When she learned that Martin Luther King would speak at Temple Israel’s 5th anniversary celebration, she told her parents she wanted to go. They said no; it was wrong to take the seat of a member of that congregation.

“That was the first time I went against my parents,” Carol-Anne recalls. She wrote a script for what she wanted to say, called the temple, and talked to the secretary.

Rabbi Rubenstein called right back. He asked why this was important to her. She told him how the leader of her church youth group had gone to the August March on Washington, and that they’d recently asked some girls from New York City to a youth group party.

He invited her to King’s speech. And — in the parking lot before the service — he met her, and introduced her to King himself.

This newspaper clipping from 1964 shows Rev. Martin Luther King at Temple Israel. He’s flanked by Rabbi Byron T. Rubenstein (left) and congregation president Dan Rodgers.

Carol-Anne still remembers exactly where she and her mother sat in the sanctuary.

For 20 years she considered writing a children’s book about that night, and the events that led up to it.

She thought she remembered what King had said. But she wanted her book to be true. As she researched his speeches, she realized that her recollection of King’s talk was accurate.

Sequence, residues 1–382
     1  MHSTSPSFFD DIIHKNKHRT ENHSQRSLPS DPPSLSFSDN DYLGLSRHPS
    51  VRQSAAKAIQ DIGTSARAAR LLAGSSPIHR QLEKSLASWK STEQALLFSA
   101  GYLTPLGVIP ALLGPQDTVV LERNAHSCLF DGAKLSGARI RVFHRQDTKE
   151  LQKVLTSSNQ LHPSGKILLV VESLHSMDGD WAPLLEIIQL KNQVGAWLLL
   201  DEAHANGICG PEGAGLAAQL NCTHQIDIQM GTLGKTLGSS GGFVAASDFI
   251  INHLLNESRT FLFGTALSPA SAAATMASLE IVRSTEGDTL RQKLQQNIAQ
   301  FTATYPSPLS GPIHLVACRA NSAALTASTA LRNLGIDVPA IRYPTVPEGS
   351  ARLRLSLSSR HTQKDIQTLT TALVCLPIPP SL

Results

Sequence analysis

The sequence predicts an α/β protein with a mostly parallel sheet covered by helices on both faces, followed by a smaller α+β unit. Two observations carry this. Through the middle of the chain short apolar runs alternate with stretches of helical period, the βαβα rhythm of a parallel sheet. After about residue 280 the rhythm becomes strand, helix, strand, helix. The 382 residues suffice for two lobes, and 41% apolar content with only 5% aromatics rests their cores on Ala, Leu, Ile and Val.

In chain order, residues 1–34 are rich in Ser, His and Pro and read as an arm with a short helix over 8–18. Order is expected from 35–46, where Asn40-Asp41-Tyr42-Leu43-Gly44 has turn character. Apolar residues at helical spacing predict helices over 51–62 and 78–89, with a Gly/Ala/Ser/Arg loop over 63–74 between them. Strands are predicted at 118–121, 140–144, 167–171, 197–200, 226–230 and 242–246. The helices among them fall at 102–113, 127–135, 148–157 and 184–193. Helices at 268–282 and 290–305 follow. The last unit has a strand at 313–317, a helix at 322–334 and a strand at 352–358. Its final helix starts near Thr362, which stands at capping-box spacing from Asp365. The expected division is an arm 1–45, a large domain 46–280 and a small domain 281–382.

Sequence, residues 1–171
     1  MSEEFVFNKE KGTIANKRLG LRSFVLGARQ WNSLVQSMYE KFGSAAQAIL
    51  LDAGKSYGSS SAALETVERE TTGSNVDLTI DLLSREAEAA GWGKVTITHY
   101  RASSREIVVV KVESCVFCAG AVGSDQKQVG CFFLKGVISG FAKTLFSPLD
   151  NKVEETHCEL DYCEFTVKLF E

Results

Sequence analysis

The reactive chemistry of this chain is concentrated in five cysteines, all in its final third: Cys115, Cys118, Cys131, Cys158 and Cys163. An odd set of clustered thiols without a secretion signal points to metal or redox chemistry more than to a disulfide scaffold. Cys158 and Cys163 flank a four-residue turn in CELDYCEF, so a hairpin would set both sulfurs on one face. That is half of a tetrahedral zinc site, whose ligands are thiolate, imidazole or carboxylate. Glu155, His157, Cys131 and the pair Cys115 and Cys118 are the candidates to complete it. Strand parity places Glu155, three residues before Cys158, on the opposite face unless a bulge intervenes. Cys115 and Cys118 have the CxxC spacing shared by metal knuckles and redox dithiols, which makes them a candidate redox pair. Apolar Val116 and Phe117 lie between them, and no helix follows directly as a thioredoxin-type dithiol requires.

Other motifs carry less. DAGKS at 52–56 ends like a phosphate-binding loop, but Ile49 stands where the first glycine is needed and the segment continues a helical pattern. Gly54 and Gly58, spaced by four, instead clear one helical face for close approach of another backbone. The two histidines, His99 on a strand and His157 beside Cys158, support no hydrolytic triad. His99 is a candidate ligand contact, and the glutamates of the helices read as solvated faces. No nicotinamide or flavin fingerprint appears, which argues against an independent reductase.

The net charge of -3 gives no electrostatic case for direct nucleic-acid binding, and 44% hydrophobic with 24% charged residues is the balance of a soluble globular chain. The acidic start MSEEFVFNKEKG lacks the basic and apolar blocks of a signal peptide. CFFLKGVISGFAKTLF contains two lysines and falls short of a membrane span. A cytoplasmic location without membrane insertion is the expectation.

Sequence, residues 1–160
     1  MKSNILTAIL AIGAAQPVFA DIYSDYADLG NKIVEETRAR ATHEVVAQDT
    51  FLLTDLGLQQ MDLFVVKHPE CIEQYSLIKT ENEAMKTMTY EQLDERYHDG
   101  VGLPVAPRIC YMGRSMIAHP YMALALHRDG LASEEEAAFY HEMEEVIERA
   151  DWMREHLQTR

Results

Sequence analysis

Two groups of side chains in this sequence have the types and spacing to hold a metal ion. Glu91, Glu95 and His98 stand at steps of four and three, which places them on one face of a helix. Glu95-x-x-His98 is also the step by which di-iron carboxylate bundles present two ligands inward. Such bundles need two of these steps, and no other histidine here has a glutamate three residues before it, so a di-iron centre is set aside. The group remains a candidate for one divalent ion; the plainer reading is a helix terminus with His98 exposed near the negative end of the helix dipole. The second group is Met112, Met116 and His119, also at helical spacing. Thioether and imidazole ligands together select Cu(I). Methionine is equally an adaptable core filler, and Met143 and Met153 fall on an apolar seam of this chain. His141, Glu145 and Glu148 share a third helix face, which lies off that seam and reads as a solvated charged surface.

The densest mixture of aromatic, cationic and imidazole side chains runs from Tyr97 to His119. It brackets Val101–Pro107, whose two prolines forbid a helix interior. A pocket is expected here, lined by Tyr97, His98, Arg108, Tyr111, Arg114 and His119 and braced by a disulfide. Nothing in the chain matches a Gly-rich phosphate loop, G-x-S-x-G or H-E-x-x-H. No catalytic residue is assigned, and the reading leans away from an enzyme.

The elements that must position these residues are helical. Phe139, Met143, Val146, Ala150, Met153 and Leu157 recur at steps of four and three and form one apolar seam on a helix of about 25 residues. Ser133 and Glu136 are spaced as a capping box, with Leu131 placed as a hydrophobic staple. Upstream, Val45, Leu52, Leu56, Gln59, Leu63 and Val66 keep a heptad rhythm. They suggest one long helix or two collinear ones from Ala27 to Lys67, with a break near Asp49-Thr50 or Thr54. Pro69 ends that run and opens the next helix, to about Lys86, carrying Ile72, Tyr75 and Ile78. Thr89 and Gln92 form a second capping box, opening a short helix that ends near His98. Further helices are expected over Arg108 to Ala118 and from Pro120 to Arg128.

She began writing the book a decade ago. Her book is about how a black man and a Christian girl sat in a Jewish synagogue together, as brother and sister. “Why can’t it be like that everywhere?” she wonders.

There’s a subplot about white privilege. In September 1963, a bomb at a Baptist church in Birmingham, Alabama killed 4 little girls.

“I looked at my white arm,” Carol-Anne says. “I was aware of my privilege as a white person even then.”

In 1964, Rev. Dr. Martin Luther King spoke at the 5th anniversary of the dedication of Temple Israel. He autographed this program.

“Dr. King, The Rabbi and Me” has not yet been published. But — with a renewed focus on white privilege and black-white relations, and a target audience of upper elementary school students — Carol-Anne says the timing is right.

She hopes for a January launch. That’s the month in which Dr. Martin Luther King — who was just 35 years old when he visited Westport — was born.

This coming Martin Luther King Day, he would have been 91.

BONUS FACT: Dr. King was not the only prominent black American to speak at Temple Israel in that era. Andrew Lopez discovered a talk by author James Baldwin in April, 1961. His topic — “The Negro Mood” — was also the subject of a piece he’d written recently for the New York Times Magazine.